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Utah Climate
Taken from the Western Regional Climate Center (Links Added)
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The main streams in the eastern portion of the State flow through canyons or very narrow, confined mountain valleys and finally into desert canyons.  Some meadows, usually in native grass, and only a few small local areas of farmland are subject to overflow.  Nearly all the main highways and railroads, as well as residential areas, are above flood levels. Highest flow occurs in the steams in this region in May and June during spring runoff from melting snow.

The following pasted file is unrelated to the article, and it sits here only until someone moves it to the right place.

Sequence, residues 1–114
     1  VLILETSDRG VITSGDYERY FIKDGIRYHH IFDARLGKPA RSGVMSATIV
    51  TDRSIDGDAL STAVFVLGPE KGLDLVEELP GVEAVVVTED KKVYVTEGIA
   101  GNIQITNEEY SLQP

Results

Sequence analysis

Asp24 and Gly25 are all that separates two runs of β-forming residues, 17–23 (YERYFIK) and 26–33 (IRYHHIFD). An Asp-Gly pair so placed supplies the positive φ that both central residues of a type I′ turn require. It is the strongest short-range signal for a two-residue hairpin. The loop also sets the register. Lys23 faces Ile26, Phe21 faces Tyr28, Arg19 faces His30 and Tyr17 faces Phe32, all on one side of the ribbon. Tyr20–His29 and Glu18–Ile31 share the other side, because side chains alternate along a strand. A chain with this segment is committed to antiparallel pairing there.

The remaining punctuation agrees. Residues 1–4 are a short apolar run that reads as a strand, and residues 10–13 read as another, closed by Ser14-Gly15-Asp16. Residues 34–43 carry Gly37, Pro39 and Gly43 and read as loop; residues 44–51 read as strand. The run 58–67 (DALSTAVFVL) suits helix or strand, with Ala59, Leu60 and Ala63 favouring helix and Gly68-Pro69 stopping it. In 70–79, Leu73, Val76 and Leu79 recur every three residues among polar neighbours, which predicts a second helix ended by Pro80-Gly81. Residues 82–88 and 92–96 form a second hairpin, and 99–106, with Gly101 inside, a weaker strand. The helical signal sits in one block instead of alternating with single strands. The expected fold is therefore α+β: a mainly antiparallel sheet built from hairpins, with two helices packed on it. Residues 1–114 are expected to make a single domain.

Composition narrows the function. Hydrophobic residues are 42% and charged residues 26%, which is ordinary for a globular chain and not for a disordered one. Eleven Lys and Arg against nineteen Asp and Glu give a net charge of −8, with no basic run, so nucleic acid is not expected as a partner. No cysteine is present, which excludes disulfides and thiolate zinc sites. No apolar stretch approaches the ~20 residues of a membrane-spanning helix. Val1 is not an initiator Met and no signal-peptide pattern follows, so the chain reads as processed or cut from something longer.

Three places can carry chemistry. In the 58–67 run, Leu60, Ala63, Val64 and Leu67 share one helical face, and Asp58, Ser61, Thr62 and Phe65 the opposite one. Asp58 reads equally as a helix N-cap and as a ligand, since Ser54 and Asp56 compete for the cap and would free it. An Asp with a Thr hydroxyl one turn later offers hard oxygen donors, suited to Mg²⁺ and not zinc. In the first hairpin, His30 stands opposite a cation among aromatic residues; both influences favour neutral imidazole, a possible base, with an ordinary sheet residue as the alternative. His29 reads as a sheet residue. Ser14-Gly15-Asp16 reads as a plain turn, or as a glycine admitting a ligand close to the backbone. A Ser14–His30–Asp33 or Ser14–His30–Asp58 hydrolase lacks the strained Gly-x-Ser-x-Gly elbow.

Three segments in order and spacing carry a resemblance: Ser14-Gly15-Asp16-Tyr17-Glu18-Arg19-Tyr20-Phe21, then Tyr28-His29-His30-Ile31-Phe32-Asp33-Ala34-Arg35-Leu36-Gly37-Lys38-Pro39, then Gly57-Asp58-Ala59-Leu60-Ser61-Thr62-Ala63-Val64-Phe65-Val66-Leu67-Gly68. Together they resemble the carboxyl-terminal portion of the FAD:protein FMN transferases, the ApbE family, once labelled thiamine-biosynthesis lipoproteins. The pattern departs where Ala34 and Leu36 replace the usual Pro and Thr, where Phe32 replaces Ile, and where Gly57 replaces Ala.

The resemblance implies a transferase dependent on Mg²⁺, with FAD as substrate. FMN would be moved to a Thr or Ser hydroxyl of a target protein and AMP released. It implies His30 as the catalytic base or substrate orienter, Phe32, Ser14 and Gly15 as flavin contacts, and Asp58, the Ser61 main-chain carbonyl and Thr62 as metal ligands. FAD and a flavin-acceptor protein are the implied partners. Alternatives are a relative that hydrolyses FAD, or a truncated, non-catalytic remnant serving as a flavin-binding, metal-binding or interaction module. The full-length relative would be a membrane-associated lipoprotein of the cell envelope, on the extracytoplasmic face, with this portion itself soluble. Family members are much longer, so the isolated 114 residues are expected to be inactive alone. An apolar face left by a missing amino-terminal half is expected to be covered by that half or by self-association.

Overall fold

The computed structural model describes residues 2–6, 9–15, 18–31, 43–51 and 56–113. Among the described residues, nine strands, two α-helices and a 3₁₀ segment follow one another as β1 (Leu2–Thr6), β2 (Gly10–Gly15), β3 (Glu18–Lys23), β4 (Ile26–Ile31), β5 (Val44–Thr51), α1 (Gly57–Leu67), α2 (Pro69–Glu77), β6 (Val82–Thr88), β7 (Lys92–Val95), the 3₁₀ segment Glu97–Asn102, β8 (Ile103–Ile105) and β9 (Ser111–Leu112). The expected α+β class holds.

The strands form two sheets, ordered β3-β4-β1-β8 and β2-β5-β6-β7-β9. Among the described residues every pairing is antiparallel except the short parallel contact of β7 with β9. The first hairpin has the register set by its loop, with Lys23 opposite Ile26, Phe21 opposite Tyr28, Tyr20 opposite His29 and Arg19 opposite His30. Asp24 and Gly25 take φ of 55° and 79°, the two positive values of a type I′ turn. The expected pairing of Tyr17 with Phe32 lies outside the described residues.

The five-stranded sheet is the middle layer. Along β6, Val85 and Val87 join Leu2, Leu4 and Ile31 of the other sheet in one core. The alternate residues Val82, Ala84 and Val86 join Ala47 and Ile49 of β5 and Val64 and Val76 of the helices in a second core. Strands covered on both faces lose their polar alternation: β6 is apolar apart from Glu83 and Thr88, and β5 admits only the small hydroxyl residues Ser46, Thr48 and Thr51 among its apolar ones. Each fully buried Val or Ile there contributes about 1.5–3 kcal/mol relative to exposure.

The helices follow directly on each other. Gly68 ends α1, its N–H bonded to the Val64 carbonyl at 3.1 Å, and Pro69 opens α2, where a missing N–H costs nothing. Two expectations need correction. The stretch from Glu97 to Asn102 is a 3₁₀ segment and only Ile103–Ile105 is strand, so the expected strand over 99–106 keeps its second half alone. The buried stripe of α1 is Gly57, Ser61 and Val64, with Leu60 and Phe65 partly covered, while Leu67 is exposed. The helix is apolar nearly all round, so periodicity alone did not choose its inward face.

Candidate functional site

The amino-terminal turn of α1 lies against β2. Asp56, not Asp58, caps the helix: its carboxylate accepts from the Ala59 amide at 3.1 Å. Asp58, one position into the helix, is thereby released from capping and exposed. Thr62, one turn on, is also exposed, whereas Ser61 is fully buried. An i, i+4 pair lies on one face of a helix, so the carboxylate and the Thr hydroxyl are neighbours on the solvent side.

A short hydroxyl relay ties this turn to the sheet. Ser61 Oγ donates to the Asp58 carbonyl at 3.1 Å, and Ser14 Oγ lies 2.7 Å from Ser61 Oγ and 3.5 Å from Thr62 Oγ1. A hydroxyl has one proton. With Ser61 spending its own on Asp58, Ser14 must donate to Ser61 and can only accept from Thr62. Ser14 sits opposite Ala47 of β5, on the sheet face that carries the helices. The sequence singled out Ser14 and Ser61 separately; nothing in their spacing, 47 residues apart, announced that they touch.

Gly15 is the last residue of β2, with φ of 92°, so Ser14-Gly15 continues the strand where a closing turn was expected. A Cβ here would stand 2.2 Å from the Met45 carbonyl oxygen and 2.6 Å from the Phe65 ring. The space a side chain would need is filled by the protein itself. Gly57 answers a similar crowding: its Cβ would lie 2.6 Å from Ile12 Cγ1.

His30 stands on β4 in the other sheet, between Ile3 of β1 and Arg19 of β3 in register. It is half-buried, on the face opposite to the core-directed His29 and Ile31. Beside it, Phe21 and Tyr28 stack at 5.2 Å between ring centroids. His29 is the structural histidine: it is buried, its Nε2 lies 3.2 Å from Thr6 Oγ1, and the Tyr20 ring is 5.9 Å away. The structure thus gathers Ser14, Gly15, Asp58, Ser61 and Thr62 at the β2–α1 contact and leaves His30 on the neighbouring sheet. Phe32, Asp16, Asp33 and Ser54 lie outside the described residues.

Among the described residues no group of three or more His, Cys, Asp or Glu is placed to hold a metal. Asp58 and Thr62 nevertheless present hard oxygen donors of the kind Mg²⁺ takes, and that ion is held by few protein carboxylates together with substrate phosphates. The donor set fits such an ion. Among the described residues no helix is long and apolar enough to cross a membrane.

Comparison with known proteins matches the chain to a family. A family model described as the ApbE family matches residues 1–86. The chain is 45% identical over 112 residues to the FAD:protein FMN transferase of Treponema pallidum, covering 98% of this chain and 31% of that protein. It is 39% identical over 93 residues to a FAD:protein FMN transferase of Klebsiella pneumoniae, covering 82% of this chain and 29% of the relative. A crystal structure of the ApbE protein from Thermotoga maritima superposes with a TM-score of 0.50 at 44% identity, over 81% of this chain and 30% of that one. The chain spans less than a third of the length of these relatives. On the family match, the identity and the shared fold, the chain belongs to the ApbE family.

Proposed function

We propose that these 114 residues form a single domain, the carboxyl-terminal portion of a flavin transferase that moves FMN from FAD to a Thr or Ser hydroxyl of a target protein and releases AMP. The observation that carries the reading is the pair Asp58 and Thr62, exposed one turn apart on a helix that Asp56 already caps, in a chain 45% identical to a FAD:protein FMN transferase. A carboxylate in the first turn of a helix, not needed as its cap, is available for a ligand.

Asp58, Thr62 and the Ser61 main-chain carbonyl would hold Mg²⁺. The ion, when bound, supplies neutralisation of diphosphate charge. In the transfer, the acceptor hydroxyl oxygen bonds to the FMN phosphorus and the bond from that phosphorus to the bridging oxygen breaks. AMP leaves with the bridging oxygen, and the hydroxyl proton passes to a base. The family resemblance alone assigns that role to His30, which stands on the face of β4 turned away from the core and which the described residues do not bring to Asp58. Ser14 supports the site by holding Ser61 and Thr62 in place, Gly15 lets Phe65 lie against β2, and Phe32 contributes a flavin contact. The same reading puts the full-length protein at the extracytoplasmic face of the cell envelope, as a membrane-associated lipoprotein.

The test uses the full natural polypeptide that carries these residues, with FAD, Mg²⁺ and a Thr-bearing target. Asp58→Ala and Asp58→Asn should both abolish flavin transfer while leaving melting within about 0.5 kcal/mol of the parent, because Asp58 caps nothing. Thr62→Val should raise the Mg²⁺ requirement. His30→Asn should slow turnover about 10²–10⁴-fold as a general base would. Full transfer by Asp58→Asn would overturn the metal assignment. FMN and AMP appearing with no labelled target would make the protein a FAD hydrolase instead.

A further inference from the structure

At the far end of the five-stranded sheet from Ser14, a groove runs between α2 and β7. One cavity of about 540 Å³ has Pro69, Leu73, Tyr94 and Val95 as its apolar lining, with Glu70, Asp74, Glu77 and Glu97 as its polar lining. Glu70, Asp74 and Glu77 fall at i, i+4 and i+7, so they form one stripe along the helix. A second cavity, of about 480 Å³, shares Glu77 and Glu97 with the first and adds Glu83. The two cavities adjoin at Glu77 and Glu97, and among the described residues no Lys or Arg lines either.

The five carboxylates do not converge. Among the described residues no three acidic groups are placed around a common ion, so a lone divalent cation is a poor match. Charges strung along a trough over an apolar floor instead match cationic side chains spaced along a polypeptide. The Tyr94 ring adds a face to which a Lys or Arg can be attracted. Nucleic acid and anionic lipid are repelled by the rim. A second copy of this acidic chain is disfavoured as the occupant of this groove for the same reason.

The most serious floods in Utah have occurred in the Great Lake Basin, particularly in the Weber River drainage on the western slopes of the Wasatch Mountains.  During the past 100 years approximately 300 flask floods, resulting from high intensity rainfall accompanying thunderstorms, and 135 snowmelt floods, have been recorded.  Some have been very limited in area and extent of damage, while others have been highly destructive in cities, towns and agricultural areas.  However, severe floods are not likely to occur in any given locality more than once in several years, or even several decades.


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